Furthermore, converting to pandas may present a cost - for example, if you start with a Polars LazyFrame, which can run significantly faster because it delays reading data into memory and performs several optimisations, then you're required to call .collect on it before converting to pandas.

To drive the second point home, here are some timings comparing (lower is better):

  • running add_lags on a 10-million-row Polars dataframe directly
  • converting that same dataframe to pandas and running add_lags on that

with native Polars support add_lags takes ~ 11 ms, whereas going via pandas it
takes ~ 1470 ms. Image produced with great-tables package

Code to reproduce.

Note that we're dealing with purely numeric data here, so the conversion is extremely cheap. The reason that the second approach takes over 100x longer is that Polars generally excels at feature engineering. As the size of the dataframe increases, the comparison scales even better in the "native Polars support" direction.

That's why "just convert to pandas" is a disappointing solution, and why it's worth it to invest the time to achieve dataframe-agnosticism.

What's the Narwhals overhead?

Narwhals translates a subset of the Polars API to other dataframe libraries. You might expect, therefore, that there is some overhead when translating the Polars API to the pandas one.

However, this overhead is negligible, and barely detectable. The few extra Python calls it makes don't add up to much. Running the above benchmark for pandas, we see the following timings (lower is better):

  • scikit-lego 0.8.2 (before Narwhals): 1593 ms
  • scikit-lego 0.9.0 (with Narwhals): 1383 ms

There is some variability here - sometimes the second one is marginally faster, sometimes marginally slower. Overall, we consistently find them to be in the same ballpark - because Narwhals is so simple and lightweight, its overhead is typically negligible. Thus, it truly enables library authors to support newer dataframe libraries with little to no impact on pandas users.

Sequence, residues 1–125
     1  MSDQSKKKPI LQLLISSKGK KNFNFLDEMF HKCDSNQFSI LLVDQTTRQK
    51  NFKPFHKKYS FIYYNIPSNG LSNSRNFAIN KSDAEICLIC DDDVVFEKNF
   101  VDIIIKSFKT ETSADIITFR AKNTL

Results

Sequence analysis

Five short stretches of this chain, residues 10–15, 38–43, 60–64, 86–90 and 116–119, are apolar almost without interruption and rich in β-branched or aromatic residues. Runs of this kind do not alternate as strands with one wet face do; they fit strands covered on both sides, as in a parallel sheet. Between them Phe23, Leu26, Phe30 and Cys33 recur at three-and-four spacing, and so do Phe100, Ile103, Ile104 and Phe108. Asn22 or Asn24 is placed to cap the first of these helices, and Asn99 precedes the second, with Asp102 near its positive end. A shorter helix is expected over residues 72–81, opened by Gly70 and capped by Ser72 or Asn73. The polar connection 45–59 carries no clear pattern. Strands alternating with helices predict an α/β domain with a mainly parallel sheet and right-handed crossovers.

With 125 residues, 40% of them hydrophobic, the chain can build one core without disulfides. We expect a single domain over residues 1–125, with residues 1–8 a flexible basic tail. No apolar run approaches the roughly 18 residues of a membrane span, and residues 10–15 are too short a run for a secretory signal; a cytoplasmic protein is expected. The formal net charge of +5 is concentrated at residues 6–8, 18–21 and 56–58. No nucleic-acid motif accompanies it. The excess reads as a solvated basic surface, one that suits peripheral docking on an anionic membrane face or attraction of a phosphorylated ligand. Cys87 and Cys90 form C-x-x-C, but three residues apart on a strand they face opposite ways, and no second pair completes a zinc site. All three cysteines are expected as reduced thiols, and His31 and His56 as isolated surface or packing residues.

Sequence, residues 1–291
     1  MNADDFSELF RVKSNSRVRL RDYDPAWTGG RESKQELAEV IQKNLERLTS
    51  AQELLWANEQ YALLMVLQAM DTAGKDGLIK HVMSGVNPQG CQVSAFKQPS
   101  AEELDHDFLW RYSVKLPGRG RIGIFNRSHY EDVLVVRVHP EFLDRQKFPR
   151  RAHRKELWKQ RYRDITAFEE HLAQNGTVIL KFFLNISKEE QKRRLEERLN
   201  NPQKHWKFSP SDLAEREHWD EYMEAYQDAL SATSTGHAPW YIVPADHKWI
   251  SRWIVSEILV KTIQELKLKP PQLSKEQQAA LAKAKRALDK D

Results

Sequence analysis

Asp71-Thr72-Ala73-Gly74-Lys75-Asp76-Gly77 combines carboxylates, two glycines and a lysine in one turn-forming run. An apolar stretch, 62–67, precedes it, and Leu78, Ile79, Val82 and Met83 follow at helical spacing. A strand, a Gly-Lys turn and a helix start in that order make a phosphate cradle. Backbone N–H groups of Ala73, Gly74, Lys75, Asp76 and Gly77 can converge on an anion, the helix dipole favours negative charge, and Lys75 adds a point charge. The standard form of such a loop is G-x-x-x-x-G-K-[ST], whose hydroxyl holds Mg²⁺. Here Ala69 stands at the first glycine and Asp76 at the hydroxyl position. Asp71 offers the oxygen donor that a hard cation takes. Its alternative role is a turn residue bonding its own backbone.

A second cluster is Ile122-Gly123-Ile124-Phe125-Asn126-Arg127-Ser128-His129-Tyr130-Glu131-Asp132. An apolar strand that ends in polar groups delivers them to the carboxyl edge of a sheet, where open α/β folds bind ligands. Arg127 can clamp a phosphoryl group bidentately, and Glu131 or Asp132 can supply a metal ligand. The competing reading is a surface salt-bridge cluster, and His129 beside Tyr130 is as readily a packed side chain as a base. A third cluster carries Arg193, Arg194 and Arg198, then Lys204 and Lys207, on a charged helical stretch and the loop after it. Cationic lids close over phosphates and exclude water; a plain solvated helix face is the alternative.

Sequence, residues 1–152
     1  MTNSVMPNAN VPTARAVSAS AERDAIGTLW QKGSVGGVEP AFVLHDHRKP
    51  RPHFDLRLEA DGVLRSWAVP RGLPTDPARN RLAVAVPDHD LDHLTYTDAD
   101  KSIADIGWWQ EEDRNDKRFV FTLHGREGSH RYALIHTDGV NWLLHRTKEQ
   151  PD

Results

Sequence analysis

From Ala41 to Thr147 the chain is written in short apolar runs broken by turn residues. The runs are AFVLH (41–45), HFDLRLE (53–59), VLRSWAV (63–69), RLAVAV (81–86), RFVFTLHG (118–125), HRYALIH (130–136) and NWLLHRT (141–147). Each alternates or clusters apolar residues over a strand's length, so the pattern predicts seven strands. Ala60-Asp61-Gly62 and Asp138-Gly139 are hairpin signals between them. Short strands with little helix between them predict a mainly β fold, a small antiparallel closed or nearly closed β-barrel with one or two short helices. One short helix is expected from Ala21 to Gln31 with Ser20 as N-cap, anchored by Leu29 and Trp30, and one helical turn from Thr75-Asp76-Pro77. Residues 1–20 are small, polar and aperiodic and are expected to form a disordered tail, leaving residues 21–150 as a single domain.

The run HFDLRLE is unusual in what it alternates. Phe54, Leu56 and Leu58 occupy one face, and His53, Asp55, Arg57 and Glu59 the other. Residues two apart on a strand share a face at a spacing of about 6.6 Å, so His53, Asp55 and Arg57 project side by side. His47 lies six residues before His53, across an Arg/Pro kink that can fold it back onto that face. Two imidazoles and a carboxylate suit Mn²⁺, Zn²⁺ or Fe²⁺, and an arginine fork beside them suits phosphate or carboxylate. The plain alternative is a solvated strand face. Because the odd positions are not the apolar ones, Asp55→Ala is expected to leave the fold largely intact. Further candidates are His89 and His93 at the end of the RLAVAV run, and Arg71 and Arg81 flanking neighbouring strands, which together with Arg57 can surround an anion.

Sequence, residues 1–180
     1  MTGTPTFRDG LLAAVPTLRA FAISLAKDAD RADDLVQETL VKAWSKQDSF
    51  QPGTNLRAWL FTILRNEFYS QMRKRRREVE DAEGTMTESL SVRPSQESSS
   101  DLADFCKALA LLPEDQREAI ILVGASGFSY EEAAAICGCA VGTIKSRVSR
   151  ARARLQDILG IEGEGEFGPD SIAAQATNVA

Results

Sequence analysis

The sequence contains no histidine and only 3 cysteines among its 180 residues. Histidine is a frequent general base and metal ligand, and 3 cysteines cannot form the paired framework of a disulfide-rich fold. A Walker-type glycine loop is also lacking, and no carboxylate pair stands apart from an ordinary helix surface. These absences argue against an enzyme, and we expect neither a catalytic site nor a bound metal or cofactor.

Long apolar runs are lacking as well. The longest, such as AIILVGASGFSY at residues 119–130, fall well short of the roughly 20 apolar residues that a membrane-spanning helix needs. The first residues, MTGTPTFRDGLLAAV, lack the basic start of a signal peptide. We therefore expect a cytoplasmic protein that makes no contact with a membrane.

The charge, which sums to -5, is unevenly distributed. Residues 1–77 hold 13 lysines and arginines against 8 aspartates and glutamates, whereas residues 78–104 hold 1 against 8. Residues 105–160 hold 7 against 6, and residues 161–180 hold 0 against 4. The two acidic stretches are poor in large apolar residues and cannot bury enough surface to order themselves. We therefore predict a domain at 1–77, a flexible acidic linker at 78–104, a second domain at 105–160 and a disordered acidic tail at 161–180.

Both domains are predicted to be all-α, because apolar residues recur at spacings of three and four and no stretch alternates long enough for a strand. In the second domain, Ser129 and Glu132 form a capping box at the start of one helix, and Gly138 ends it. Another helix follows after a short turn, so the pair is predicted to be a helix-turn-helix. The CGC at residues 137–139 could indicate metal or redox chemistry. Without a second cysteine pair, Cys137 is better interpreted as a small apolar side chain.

Will the future of data science become "BYODF" (bring your own dataframe)?

Earlier this year, we saw Great Tables announce that they are now "bring your own dataframe". Scikit-learn also supports Polars in a somewhat standardised way, by leveraging the dataframe interchange protocol, the __array__ method, and some custom logic. And in this blog post, we looked at how scikit-lego achieved the same by using Narwhals.

Is this a sign of what's to come? I certainly hope so. pandas is - and will very likely continue to be - an enormously useful tool which solves a lot of problems for a lot of real people. However, if pandas remained the only dataframe library supported in the data science ecosystem, then that'd be a missed opportunity.

Scikit-lego leveraged Narwhals in order to become dataframe-agnostic, and is now able to natively support Polars, Modin, and cuDF without adding any of them as dependencies. Let's hope that this is the direction that data science libraries are headed towards, and that Narwhals can facilitate the process.